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The body cited lack of ‘novelty or inventiveness’ for revoking the patent.
GSK will be able to contest the decision in the Supreme court of India.
The British drug giant cut the price of Tykerb by a third in India recently – a move aimed at flexible pricing in developing countries.
This is the latest in a series of blows to GSK, which is also facing an official probe in China for massive bribery allegations and over-pricing.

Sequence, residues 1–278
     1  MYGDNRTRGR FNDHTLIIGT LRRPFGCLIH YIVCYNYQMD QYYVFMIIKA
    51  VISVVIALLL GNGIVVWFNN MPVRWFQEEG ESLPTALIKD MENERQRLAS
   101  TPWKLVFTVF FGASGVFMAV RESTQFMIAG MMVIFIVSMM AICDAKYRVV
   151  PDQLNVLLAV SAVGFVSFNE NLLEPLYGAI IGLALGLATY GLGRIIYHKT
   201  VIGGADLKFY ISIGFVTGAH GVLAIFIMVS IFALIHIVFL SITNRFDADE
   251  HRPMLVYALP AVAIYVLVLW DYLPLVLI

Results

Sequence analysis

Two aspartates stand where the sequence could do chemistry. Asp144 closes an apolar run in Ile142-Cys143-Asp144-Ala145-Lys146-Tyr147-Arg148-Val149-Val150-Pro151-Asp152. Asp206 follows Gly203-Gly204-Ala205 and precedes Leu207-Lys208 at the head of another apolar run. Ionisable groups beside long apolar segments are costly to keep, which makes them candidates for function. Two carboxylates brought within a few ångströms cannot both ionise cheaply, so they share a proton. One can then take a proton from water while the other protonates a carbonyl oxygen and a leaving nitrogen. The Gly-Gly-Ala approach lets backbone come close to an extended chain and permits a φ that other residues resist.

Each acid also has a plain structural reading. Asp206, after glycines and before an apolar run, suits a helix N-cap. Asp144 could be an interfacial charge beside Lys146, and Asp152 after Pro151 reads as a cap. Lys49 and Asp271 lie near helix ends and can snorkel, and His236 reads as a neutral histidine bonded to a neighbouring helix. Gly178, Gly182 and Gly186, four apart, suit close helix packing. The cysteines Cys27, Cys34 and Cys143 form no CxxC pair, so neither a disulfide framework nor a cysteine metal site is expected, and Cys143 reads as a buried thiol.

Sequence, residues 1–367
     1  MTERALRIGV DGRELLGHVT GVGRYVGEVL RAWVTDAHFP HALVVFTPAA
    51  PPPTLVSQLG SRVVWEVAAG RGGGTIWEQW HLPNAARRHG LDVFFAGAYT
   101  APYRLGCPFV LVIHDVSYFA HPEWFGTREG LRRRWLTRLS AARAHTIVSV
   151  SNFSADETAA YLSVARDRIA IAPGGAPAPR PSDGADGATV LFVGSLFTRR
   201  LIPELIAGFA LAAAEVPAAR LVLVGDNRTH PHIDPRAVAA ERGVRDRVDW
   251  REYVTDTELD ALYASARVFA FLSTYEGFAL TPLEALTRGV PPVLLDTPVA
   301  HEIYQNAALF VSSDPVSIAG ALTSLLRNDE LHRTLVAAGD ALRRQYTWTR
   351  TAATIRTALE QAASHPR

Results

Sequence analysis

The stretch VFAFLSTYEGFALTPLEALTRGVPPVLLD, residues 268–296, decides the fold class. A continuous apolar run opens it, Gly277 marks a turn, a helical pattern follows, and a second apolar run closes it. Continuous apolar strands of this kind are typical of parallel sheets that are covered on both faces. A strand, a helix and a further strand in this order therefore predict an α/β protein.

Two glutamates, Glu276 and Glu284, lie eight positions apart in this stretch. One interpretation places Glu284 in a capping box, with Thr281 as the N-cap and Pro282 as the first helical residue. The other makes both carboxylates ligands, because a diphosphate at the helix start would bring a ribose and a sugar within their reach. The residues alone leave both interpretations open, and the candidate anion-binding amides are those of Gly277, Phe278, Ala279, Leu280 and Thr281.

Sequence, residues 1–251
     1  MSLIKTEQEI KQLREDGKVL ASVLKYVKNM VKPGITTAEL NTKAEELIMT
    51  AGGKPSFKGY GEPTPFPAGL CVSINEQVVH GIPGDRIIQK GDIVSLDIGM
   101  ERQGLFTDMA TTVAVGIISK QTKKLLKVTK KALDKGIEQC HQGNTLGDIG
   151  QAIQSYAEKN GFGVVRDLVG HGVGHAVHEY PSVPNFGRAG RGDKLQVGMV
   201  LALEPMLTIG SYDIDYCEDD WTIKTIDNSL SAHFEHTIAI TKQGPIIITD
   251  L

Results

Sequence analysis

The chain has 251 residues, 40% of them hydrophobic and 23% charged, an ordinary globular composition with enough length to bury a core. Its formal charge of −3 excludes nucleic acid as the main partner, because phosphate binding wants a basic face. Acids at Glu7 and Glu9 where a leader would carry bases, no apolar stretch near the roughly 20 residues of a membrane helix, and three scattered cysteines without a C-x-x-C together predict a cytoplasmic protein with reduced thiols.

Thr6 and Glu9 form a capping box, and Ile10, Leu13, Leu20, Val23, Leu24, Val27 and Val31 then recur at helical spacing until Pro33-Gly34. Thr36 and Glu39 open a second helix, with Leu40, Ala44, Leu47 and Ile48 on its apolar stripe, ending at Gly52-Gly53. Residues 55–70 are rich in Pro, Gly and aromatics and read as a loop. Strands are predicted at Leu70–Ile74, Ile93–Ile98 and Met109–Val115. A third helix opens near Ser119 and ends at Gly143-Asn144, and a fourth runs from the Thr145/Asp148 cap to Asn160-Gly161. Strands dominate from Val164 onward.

GSK Pharmaceuticals shares were down 2.4 per cent on Friday.
“We are studying the IPAB’s decision but maintain our belief in the inventiveness of the lapatinib ditosylate salt and will consider the possibility of taking further steps before the appropriate authorities to validate this,” GSK India told Reuters on Friday.
India’s top court had dismissed Swiss drug maker Novartis AG’s plea to win an Indian patent for its anti-cancer drug Glivec in April.
Indian drug giants such as Cipla which produce cheaper generic versions of the drug Glivec at a fraction of the cost at which Novartis was pricing it, tend to gain from the ruling.